plus Shanghai Alliance Investment—
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    which is an investment arm of the Shanghai municipal
    government.
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    Jiang Mianheng was chairman and CEO of Shanghai
    Alliance Investment.
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    Meaning, the son of Xi Jinping’s biggest
    rival
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    had a stake in a 300-plus-million dollar
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    company controlling media and entertainment
    in China.
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    Side note: That American joint venture
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    was
    eventually bought out completely by a Chinese company
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    —once it was no longer useful to
    have the Americans on board.
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    Anyway, the list goes on.
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    The son of former President Hu Jintao, Hu
    Haifeng,
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    “once managed a state-controlled firm that held a monopoly on security scanners
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    used in China’s airports, shipping ports
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    and subway stations.”
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    Former Chongqing Party chief Bo Xilai,
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    who
    got taken down by an internal power struggle in 2012,
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    had his own network of family corruption,
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    with at least $160 million in assets held
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    by his close relatives.
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    Basically, communist officials from top to
    bottom are out to make money.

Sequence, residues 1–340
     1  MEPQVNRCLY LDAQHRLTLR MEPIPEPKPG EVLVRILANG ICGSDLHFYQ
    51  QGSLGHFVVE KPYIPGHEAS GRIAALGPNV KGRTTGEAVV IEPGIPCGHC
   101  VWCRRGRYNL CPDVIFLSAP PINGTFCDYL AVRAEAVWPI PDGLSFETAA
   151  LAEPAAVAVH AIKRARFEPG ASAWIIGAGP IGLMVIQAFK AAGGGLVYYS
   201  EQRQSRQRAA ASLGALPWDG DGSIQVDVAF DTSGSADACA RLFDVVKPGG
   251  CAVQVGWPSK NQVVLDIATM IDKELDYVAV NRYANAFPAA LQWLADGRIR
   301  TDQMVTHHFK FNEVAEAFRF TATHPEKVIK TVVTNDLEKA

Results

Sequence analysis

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    And they often do it through corruption.
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    That includes installing their relatives in
    companies poised to make money,
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    with the help of their Party contacts.
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    The brilliant thing about Xi Jinping’s anti-corruption
    campaign is,
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    it’s actually a powerful weapon he can use to go after his political enemies—
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    while
    having the plus side of making it look like
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    he’s going after corruption.
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    But it’s selective.
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    Xi Jinping never sought corruption charges
    against his ally,
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    former premier Wen Jiabao.
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    Wen’s family members were worth hundreds
    of millions of dollars, often through corruption—
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    as you can see from this New York Times graphic.
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    But with his friend Wen Jiabao, that’s a-ok.
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    So for all my viewers in the West reading
    these glowing articles about Xi Jinping fighting corruption
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    —don’t be fooled.
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    Xi Jinping is not really targeting corruption.
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    He’s just struggling against his political
    enemies.
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    Like a good communist.
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    But because the entire Communist Party is
    based on corruption,
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    Xi Jinping will never actually win an “overwhelming victory.”
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    Just wait a few more years, and president-for-life
    Xi Jinping
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    will once again make an announcement
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    declaring victory over corruption.
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    Don’t be fooled that time, either.
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    I’m Chris Chappell.
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    Thanks for watching China Uncensored.
Title:
China Will NEVER Have "Overwhelming Victory" Against Corruption
Description:

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Video Language:
English
Duration:
09:09

English subtitles